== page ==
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Four Troubleshooting Tips from a Non-Techie

January 03 2013

Guest contributor Frances Brittle of Cloud CMA says:

mistake mirrorI recently experienced an issue logging in to one of my web based email-marketing accounts. In my quest to gain access, I conducted a series of basic troubleshooting steps that I'd like to share with you. I've included some general information on why these steps are relevant and what they're testing for. These steps are a surefire way to save time, and get on with what you're doing without being--or inadvertently becoming--a "techie."

The problem I was having started on the login page of the web-based account I frequently use. I was entering the correct login ID and password, but kept getting a "timeout" message. My browser suggested that I try back later, or refresh the page--both of which I did, neither of which were successful.

I then navigated through the following four steps, which ultimately resolved my issue and got me back on my way to email marketing! As a busy agent, if you ever encounter a web-related issue, don't panic, just follow these four basic troubleshooting steps:

Step 1: Check other websites.

Your Internet connection could be the problem. If so, then no matter what site you're trying to visit, it won't load. If other websites do, in fact, load correctly, then the Internet connection is definitely not the culprit. Narrowing down what isn't causing the problem is equally as important as determining what is.

Step 2: Try loading the same page using a different web browser.

Every browser communicates with websites differently. This means that Chrome interacts with any given site's code in a different manner than Safari, Firefox, and vice versa. These browser/site communication inconsistencies can cause what is known as a script error. If your issue is only occurring on one browser, then proceed by using the browser that your application is functioning properly on. This doesn't fix the problem, but as an efficient agent, you need to keep on moving! If the problem is consistent among browsers, proceed to Step 3.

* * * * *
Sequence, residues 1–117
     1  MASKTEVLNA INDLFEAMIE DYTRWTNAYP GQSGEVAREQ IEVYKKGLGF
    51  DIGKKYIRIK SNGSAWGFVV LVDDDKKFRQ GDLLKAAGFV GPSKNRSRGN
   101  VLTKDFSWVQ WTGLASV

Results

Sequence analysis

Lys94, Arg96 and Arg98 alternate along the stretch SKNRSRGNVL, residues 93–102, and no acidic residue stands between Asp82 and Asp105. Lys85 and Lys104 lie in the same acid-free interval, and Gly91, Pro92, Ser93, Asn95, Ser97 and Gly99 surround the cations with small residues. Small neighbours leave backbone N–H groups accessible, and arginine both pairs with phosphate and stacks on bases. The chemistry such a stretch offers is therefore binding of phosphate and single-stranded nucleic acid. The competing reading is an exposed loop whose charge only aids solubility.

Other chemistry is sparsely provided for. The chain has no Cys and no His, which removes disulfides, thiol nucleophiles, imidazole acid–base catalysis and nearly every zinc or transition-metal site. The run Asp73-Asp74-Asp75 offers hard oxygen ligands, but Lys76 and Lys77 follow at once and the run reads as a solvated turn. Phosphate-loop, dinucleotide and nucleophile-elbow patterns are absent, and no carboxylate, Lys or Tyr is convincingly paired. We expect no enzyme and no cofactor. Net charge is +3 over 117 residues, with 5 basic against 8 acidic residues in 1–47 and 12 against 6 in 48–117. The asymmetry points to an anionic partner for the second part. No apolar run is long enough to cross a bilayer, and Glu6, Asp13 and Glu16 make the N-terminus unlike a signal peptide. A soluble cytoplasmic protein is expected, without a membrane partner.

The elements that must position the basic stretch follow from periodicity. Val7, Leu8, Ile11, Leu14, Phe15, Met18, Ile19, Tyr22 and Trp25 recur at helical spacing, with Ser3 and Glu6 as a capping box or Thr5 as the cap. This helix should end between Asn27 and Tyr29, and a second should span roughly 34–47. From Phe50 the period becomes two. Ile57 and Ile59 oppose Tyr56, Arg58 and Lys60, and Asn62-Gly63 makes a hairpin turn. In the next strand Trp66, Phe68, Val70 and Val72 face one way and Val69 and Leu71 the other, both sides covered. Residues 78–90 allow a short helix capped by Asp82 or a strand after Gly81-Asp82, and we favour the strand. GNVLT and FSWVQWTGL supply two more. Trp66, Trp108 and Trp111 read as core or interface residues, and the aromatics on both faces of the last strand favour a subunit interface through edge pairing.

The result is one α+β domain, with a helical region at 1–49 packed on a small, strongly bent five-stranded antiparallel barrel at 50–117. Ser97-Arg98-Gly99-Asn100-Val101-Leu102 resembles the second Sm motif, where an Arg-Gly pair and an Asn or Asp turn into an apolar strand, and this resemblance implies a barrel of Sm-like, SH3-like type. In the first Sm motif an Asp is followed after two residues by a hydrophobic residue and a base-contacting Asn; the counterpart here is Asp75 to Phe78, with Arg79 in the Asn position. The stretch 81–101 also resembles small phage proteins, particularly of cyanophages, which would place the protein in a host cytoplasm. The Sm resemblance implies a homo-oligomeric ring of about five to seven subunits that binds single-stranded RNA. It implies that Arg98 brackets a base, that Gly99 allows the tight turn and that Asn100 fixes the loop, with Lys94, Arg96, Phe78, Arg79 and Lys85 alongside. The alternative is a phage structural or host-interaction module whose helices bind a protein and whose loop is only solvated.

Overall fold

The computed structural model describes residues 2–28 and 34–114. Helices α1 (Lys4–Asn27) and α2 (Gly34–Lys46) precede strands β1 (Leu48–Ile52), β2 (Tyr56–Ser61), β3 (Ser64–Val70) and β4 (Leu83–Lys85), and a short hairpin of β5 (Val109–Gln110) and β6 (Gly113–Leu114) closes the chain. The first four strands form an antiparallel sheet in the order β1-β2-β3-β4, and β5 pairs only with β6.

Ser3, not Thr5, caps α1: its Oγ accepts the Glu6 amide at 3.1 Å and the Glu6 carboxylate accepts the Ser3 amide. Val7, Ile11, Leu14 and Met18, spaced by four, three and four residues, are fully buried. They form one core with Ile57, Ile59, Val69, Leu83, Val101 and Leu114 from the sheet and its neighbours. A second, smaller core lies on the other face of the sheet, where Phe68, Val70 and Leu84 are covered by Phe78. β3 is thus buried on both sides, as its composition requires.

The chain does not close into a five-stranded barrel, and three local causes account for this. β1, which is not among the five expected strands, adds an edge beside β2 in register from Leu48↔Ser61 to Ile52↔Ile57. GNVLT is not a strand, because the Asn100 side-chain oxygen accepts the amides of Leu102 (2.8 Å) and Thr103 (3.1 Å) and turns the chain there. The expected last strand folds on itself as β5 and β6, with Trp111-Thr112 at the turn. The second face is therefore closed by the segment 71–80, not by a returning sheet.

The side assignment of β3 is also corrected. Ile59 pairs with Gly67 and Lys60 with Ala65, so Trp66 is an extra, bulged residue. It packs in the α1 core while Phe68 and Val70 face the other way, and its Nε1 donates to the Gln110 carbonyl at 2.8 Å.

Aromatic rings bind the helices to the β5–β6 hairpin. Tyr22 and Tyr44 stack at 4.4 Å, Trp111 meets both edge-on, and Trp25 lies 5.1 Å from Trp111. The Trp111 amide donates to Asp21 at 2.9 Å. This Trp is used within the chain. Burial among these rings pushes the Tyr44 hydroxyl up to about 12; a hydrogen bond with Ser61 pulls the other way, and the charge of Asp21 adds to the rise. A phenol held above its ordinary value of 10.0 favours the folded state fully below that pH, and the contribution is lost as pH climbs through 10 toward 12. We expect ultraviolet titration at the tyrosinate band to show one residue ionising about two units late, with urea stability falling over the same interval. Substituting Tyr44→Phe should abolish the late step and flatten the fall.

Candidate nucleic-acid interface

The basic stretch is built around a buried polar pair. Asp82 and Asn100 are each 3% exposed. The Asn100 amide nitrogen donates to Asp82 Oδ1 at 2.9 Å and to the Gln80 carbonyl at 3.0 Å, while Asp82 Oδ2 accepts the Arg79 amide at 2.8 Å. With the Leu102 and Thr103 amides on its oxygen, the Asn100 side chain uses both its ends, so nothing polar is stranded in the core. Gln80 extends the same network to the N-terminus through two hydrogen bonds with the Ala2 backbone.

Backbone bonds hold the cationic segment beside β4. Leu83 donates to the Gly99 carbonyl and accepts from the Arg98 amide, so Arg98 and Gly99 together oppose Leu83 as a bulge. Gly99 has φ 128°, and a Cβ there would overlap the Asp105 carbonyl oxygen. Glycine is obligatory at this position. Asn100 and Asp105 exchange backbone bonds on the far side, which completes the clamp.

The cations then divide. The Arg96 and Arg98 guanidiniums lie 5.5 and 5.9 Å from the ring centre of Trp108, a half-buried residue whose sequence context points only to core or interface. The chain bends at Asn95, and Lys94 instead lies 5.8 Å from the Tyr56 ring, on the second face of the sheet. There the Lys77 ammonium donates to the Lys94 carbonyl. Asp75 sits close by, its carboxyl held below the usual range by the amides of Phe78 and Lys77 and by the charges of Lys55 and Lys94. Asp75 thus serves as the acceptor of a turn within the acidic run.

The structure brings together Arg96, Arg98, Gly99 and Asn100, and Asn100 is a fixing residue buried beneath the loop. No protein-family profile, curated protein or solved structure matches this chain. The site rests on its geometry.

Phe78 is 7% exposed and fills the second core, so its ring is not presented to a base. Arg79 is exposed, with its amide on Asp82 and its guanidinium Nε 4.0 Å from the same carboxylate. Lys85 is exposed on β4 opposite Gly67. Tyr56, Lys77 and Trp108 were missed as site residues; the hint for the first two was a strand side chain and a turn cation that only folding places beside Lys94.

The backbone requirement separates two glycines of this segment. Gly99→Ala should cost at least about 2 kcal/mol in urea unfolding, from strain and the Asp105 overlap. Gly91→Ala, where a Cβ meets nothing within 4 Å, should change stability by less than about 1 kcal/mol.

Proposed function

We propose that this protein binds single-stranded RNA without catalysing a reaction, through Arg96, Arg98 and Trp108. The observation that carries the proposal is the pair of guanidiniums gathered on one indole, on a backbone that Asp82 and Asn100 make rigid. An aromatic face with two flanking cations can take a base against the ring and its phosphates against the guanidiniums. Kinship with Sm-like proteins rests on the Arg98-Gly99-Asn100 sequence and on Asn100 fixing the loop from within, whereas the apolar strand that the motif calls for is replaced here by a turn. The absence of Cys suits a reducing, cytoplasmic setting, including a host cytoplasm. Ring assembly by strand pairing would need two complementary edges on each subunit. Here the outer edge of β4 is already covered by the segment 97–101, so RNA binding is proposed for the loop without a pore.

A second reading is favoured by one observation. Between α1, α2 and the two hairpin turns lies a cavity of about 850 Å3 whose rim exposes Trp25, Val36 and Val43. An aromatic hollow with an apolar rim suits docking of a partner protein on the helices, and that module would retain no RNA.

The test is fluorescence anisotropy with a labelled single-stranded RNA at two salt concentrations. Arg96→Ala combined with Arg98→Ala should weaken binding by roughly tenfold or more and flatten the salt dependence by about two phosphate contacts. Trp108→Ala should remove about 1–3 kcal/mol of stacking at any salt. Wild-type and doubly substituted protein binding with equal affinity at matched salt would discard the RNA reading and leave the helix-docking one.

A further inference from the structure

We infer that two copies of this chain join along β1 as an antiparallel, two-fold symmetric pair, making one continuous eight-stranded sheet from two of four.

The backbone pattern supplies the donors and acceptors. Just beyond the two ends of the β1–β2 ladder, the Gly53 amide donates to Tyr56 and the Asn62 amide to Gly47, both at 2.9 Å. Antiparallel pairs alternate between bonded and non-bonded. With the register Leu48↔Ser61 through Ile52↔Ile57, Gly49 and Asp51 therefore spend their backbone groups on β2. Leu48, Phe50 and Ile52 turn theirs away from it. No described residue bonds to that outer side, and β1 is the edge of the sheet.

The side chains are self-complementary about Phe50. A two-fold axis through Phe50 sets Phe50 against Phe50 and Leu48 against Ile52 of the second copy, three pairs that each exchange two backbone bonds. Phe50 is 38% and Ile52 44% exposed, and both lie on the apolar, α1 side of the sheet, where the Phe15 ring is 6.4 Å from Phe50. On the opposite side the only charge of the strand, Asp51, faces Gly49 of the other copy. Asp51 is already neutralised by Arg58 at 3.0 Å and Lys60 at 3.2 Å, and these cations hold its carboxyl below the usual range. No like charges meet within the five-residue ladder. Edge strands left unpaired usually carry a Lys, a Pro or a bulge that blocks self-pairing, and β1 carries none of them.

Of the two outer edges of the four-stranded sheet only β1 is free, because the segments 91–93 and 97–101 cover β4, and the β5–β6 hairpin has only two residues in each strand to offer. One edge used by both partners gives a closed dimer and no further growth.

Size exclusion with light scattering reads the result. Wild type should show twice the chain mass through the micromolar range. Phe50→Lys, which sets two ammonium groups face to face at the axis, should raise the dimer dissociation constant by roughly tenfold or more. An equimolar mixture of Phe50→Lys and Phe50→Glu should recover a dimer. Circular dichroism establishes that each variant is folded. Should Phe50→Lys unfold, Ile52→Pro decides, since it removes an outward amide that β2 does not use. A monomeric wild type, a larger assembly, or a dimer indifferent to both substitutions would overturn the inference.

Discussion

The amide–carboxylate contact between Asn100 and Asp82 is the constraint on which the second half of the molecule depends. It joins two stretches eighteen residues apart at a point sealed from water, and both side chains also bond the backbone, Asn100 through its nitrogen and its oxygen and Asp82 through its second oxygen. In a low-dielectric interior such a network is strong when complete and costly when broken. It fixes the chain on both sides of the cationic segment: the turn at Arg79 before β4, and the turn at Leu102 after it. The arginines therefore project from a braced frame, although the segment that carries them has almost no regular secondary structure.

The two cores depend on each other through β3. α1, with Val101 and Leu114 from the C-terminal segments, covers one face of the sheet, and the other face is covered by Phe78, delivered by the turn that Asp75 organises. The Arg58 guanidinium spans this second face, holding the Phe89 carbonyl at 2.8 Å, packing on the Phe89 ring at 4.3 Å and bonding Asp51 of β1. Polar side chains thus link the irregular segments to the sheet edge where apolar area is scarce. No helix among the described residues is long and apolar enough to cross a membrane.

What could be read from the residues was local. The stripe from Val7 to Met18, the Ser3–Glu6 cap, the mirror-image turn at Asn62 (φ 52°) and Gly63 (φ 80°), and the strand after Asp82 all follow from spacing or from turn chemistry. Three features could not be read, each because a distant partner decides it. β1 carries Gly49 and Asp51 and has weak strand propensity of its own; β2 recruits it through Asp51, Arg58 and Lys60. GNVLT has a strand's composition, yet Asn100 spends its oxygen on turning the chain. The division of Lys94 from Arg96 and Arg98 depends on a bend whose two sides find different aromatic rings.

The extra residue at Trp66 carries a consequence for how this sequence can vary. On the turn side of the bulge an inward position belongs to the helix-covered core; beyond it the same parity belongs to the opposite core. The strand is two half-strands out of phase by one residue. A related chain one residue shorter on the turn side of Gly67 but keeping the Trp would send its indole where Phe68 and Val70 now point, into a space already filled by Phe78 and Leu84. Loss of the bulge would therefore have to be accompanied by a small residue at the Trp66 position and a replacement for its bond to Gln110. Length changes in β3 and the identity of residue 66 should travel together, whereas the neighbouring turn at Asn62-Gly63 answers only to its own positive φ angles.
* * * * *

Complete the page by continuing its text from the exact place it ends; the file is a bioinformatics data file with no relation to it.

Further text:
Step 3: Clear your browser's cache.

Web browsers store pieces of information in a cache that it references by default when being asked to provide familiar pieces of information. It's temporary storage, like a locker, for Internet data such as photos, text, graphics and more. If a website's code has changed, previous data pieces stored in the cache can cause issues. If you're still having difficulties even after clearing your browser's cache, proceed to Step 4.

Step 4: Call support.

Do not start futzing with the Wi-Fi or router, do not pass go--and do not collect two hundred dollars. Support personnel are ready to help you, so pick up the phone. There could be an issue with the site itself, or just about a million other things, so just call them.

The moral of the story is: Don't waste your time. With this four step Internet troubleshooting hack in your back pocket, you'll save yourself the frustration and aggravation of trying to "fix" it yourself. Respect your time, as well as that of the support personnel's. Be smart, be savvy, and be efficient!

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